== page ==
4.2 Ethics in SNA research

Ethical considerations are important for both research and practice. We won’t spent much time on this topic this week, but I want to encourage you to attend to ethical concerns in your specific research contexts. Does your research involve venerable populations (e.g., young children)? Does your research involve sensitive data (e.g., health data)? Is your research field online or offline? Because SNA is applied in all kinds of educational research, it is almost impossible to come up with a unified ethics guideline. I strongly encourage you to skim this chapter from an Open Textbook produced by the UMN Libraries. What are the possible ethical concerns in your project? I encourage you to start taking notes on how you could address them.

I also want to mention that research ethics is never a static topic at all. In many emerging research spaces (e.g., the Internet), research ethics remains highly debatable (Rivers and Lewis 2014; Kraut et al. 2004). Feel free to share your thoughts via Hypothesis by adding the ethics hashtag, or in the Slack home channel.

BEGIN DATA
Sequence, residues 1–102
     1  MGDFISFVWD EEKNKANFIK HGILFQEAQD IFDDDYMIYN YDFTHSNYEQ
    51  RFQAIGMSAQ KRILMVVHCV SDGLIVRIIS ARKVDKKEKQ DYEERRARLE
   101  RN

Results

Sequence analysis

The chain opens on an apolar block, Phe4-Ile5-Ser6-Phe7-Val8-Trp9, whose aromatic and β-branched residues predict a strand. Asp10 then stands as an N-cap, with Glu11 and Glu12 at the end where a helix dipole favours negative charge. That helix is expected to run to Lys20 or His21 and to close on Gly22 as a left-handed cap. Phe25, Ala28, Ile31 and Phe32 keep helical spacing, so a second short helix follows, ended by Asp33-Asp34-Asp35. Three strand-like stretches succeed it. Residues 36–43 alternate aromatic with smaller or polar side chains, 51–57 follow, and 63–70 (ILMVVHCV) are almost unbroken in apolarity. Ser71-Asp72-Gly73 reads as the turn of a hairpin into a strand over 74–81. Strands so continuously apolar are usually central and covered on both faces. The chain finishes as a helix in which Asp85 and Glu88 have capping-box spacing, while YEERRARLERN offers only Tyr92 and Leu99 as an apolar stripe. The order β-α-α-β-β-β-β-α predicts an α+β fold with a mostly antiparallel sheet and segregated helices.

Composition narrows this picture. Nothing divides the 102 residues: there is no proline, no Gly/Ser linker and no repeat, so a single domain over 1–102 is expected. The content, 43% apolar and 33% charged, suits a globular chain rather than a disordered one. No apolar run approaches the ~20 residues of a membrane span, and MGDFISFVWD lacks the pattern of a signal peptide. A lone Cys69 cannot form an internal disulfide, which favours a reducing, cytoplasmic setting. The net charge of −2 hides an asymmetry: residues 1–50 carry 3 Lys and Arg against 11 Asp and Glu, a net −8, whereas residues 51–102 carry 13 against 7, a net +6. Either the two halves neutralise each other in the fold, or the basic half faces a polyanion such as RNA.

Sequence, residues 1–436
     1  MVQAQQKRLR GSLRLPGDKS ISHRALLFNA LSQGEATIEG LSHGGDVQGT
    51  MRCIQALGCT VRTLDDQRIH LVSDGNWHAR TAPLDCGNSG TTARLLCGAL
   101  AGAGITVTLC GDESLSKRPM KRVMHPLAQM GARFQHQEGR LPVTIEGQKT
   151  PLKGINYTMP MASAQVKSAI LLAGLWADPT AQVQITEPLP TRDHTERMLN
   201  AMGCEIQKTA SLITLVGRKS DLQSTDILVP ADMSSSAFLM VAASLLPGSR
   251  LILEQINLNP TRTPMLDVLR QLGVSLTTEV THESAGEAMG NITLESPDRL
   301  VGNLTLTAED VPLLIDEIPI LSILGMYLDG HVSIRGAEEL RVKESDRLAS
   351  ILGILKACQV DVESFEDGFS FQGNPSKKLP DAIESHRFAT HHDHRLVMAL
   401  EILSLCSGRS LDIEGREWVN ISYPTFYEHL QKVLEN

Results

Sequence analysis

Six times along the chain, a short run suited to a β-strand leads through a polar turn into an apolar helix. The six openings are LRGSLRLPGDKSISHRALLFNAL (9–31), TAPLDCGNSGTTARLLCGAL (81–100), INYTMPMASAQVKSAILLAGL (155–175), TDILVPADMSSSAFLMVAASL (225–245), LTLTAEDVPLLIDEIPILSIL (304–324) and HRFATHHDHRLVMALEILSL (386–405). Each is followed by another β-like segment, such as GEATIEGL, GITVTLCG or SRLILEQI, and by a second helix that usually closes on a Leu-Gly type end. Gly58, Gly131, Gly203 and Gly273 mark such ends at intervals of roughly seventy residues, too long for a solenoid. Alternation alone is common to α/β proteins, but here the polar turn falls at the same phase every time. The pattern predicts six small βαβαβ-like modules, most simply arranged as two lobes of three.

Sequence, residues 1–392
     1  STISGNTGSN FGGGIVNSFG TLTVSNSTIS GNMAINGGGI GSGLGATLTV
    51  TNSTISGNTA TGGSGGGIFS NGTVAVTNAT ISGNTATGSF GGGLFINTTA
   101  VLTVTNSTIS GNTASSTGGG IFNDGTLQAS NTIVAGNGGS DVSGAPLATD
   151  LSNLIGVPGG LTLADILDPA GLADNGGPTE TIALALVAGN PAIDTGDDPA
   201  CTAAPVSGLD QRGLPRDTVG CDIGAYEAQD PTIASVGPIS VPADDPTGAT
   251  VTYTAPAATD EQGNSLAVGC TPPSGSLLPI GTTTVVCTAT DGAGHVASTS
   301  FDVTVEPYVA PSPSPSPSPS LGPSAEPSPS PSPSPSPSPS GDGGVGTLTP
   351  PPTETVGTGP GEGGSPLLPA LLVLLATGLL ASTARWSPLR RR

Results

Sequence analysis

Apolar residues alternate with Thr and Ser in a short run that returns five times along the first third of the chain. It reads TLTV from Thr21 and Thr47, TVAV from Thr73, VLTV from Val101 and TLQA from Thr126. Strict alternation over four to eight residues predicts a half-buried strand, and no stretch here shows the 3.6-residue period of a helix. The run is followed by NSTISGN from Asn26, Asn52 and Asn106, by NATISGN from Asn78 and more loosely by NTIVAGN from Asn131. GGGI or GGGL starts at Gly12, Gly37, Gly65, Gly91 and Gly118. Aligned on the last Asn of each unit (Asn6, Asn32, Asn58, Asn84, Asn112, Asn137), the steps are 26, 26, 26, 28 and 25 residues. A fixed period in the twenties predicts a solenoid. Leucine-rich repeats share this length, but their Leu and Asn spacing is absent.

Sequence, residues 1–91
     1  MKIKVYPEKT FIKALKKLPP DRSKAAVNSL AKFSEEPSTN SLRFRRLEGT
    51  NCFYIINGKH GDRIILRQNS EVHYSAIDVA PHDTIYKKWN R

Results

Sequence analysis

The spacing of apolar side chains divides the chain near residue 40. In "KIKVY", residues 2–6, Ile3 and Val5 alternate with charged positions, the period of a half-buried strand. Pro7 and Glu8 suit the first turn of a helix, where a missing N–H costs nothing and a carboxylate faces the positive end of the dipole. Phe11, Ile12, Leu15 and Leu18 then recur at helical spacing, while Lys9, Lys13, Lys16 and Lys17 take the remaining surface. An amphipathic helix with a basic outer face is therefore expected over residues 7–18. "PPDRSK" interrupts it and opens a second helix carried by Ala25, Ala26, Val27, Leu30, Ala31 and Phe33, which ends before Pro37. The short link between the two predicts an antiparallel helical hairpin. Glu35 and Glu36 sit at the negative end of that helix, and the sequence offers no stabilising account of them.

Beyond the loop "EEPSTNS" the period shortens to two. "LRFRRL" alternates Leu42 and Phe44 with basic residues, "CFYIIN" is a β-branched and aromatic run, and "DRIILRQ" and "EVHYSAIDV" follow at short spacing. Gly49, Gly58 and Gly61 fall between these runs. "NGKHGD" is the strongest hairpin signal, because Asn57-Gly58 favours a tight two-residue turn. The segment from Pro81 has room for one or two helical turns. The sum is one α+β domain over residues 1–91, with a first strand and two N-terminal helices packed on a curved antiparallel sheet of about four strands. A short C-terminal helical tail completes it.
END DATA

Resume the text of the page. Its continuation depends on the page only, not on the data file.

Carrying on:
If you’re a UMN student and wish to conduct an actual SNA project as part of the class project (which is not required), please check this UMN IRB website for further information. I’m willing to sponsor your project and we can meet individually to talk it through.


Rivers, Caitlin M, and Bryan L Lewis. 2014. “Ethical Research Standards in a World of Big Data.” F1000Research 3 (21~aug). https://doi.org/10.12688/f1000research.3-38.v2.

Kraut, Robert, Judith Olson, Mahzarin Banaji, Amy Bruckman, Jeffrey Cohen, and Mick Couper. 2004. “Psychological Research Online: Report of Board of Scientific Affairs’ Advisory Group on the Conduct of Research on the Internet.” The American Psychologist 59 (2):105–17. https://doi.org/10.1037/0003-066X.59.2.105.